Wino Update

19 Dec
2011
Posted in: Wine
By    3 Comments

We’ll start this week off with a little bit of a rant about snobbery, specifically my wine snobbery.  The past few days we stayed with Mary, a family friend of Paul’s, in Lake Havasu City, AZ. (Her husband, Mike, was elk hunting in New Mexico.)  Mary spoiled us rotten.  She even went out of her way to pick up a bottle of Zinfandel for me — “I went to a few stores but couldn’t find your Zinfandel, so hopefully this one will be OK.”  I was so touched, then I thought, god, I hope people don’t think I’m a wine snob.  But then I realized that of course they do — I said myself, in no uncertain terms, that I’m a wine snob!  How awful!  So to repair my carefully crafted public image (I’ve already deleted my Twitter account), I would like to clarify that I’m not a wine snob per se…I’d say I’m more of a flavor snob.

A bottle of wine (or beverage of your choice) that someone picks out especially for you is never going to be bad.  I’m not saying that you’re going to lie and say that it’s great, even if it isn’t.  I’m saying it’s like that meal you had on vacation that you can never recreate at home, because there’s more going into it than just raw ingredients.  And the bottle Mary picked was great, so that helped.  As long as it tastes good, I don’t care what it costs.

But let’s get this post back on track.  I need to update you on our boxed wine search, which suddenly is going quite well.  In order to speed up our quest to find the best boxed wine, we’ve currently got two boxes going at once, and they both are quite good.

Bota Box Shiraz (unit cost about $19/box / $1.19/glass)
Why did I pick up another Bota Box?  I didn’t like the Zin, the Cab, or the Malbec.  So why try another?  Here’s the thing.  There were two different Bota Shirazes on the shelf — one claiming the grapes originated in Southern Australia, the other in California.  Typically, Australian Shiraz is a safe bet for a tasty, cheap wine, so I grabbed that one.  And the risk paid off — this box is not bad!  To me, it falls between the Fish Eye and the Hardys from my previous post.  However, the Australian-ness may have been an anomaly (or, horror of horrors, a misprint?!) as the website only lists a Californian Shiraz.  Either way, this was a good risk.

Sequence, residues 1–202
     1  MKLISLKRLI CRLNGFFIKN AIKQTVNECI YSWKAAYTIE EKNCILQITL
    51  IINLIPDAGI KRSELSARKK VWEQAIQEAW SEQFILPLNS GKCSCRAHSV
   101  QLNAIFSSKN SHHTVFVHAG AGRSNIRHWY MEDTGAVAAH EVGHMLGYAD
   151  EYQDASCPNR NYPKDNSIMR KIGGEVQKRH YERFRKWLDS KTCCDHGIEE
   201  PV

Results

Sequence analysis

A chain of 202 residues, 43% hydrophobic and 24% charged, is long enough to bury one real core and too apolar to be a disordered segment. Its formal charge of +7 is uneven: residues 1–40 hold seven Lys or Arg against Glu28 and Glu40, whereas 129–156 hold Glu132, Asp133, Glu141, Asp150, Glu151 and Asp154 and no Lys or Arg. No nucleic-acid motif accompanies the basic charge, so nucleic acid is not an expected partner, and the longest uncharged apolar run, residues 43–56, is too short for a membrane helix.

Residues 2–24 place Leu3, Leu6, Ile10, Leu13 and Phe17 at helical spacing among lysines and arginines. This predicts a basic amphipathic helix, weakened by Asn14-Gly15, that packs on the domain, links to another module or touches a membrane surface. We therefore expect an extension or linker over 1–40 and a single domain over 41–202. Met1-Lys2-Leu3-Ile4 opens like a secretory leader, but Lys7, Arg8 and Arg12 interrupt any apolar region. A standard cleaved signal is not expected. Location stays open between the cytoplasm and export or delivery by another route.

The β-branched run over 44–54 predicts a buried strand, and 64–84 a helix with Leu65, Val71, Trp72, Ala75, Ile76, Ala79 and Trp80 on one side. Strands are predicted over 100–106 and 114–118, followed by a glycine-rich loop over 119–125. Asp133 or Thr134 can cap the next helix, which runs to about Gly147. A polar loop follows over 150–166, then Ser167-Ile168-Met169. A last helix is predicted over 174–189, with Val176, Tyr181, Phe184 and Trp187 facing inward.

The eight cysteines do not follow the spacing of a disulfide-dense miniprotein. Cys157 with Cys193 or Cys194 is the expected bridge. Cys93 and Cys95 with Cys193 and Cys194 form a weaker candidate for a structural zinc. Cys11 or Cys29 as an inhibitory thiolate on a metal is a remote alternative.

Target Wine Cube, Vintner’s Red Blend (unit cost about $17/box / $1.06/glass)
This blend of Zin, Cab, and Merlot hits the mark for me.  It’s just a general, easy drinking, tasty wine.  It’s got tons of flavor — jam, fruit, and oak are the first that hit you.  It’s a bit sweet — it tastes like something that’s bad for me (which I suppose it is) — but it goes well with everything from peanut butter sandwiches (for dinner) to fresh air.  The Target wines are produced by the Trinchero Family Estates of Napa and I’m hoping this blend isn’t discontinued, as it also isn’t listed on the website.  Next we’ll probably try the Cab/Shiraz blend, just in case.

And this may be all she writes on the subject of boxed wine.  I’ll keep experimenting, but now I’ve got a few good fall back options, which was the point of this grand experiment.

Day Two hundred and seventy-three: With these, whoever needs wine glasses!?

Personal wine cubes.

Creative Commons License photo credit: Insulinde

  • Sarah Weber

    Lisa, I’m glad to have someone reviewing boxed wines!  I’m just venturing into the world of boxed wine, and I, like you, have picky tastes when it comes to wine.  I hope I can find that Trinchero blend at our Target.

    • Lisa

      Sarah — remember, if it doesn’t taste great on its own, it can still make a decent sangria!

  • Camack53

    Crap! back to the liquor store to pick out a new boxed wine.  (will they let you return wine???)Didn’t remember which ones you had sampled-but got many, many bottles of Riesling to cover in case the box is a dud.